While I read the sections about the feet binding process, I cringed as I read of the young girl's agony and I imagined my own daughters' perfect feet. How could a mother do this? And yet not do it knowing the consequences? I practically ran to the computer to Google "Foot Binding" and found websites that documented the stories of women who had the feet bound when they were children. You can read more and see pictures of the results of this tradition here and here and many other places on the web.

While the Chinese historical and cultural aspects of this novel are absolutely fascinating, there are many other powerful and still pertinent aspects of human nature within the story that beg to be discussed, such as Mother Love, friendship, loyalty and betrayal.

Originally published in 2005 and intensely popular, I'm sure that Snow Flower and the Secret Fan has already been read by many book clubs. I'm definitely looking forward to discussing it with mine. A movie based on the book is releasing in select theaters very soon, so I'm sure we will see another surge of popularity for this novel. It really is fantastic. Get it. Read it. Soon.

Monday, July 18, 2011

Middle of the Night Giggles

Thomas woke up around two am last night with a bloody nose. I can generally do all the middle of the night "mom business" in the complete darkness (whatever it takes to prevent the others from waking). However, since I spilled the glass of ice water on my night stand as I clumsily climbed out of bed, I turned on a light which made it harder for Utah Dad to pretend he was still sleeping.

We got the bleeding stopped; cleaned up Thomas and got him back in bed. I got a towel to clean up the spilled water near my bed and climbed back into bed expecting to fall immediately back into blissful sleep. But I didn't. I tossed and turned and when I realized that Utah Dad wasn't snoring (which means he was also awake) we started to talk.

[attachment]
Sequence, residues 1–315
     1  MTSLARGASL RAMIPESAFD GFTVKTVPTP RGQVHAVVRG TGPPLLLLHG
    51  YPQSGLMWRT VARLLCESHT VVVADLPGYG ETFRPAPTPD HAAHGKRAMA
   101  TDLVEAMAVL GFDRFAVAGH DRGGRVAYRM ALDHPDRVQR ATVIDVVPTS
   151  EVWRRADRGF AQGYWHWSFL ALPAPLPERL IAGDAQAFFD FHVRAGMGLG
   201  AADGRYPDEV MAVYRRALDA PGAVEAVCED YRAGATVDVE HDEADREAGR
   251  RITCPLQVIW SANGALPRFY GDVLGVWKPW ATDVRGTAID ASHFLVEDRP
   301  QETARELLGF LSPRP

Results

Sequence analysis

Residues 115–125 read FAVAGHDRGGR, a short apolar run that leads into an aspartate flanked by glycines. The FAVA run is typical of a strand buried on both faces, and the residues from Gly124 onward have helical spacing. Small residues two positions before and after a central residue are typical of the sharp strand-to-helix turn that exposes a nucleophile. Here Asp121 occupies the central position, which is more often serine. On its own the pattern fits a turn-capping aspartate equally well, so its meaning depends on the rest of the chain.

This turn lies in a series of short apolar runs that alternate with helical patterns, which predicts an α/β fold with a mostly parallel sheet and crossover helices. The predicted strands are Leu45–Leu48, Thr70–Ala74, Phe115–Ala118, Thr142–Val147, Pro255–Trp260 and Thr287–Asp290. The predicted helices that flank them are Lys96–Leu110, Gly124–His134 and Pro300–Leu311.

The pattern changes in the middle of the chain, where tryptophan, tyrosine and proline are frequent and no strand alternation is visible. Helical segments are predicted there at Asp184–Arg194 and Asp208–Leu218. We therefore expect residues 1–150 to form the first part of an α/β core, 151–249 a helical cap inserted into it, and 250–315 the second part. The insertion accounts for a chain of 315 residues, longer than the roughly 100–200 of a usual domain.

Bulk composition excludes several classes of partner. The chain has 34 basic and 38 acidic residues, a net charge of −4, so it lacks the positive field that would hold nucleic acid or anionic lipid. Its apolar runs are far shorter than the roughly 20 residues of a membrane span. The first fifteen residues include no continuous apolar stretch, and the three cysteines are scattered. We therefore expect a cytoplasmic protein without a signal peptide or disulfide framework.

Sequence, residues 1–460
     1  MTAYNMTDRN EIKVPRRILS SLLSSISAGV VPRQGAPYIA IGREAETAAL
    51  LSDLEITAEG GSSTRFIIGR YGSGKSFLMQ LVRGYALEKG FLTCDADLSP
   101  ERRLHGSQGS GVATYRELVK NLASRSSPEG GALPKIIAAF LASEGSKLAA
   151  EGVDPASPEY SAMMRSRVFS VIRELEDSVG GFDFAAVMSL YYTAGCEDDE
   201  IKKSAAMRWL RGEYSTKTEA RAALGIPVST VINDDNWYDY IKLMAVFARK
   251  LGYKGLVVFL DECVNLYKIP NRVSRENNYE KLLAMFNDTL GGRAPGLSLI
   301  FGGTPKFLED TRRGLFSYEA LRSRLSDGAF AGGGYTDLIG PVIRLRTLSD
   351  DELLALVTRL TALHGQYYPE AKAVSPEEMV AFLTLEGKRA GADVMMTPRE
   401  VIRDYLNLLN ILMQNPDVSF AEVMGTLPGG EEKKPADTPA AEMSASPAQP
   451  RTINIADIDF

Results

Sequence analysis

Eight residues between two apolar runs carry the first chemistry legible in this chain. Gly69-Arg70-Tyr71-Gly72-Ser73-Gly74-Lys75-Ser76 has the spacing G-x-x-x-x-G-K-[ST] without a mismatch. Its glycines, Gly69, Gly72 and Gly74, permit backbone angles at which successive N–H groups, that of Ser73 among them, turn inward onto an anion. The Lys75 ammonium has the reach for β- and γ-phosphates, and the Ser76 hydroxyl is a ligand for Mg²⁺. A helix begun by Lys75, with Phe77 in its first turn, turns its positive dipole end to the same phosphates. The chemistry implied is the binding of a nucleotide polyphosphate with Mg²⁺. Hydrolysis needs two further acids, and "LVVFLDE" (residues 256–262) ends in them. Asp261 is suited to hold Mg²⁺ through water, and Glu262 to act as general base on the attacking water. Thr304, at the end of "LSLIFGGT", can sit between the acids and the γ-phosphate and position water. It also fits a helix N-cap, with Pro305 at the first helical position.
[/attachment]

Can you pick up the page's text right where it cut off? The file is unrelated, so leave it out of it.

The first thing that I fell in love with about Utah Dad was the easy conversation and the way we can always find something interesting to talk about. Utah Dad is never short on opinions and always willing to express them (just ask the folks at the party last night). Other than the Friday night when we were purposefully giving each other the silent treatment, we talk a lot.

So, in the middle of the night, we lay in bed, exhausted yet unable to sleep. We talked about politics and religion and religion in politics and moral issues involving religion and politics. It was deep. Then we started talking about naming babies.

When we were first married, we were hanging out with some of Utah Dad's little nieces and we were making up ridiculous names for our future children. The little girls were adding some fabulously crazy names to the mix and we laughed so hard tears rolled down our faces. I won't mention any of these names so that I won't accidentally offend any of my readers and/or relatives.

Utah Dad and I have officially finished our career of naming babies. Our own children have very traditional names (different from the names I use to refer to them on the blog, by the way. I know I've been blogging too much when I mistakenly call them by their blog names). This is not to say that I only like traditional names. There are many less traditional names that I think are absolutely lovely.

But last night, in our silly state of complete exhaustion, we got the giggles as we thought of various, hilarious and odd names (mostly used by celebrities or my ancestors). Or strange combinations. I once knew a Harry Barber. Utah Dad knew a Harry Beaver. Warning: just be especially careful if you consider naming your child Harry.

We giggled like children.

And then Utah Dad started telling me about an episode of Law and Order that he recently watched and I fell right asleep.

Saturday, July 16, 2011

Bright's Passage - Book Review

Henry Bright has survived World War I with the special help of an angel that he takes home with him after the war. The angel tells Bright what to do and Bright obeys. Now, Bright is the father of a newborn son. His dear wife is dead and his revengeful father-in-law is chasing him through the woods of West Virginia. But the angel has a plan.

Song-writer turned novelist, Josh Ritter writes a captivating and beautiful story with unique characters and a touch of the super-natural in his first novel Bright's Passage. I imagine that as a song-writer, Ritter has honed his skills with lyrics. Writing a song, one is limited by length and must choose the perfect few words to create all the emotion and meaning of a song. With these skills, Ritter has created a story that is succinct and yet not diminutive. In fact, his use of the language is stirring and lovely.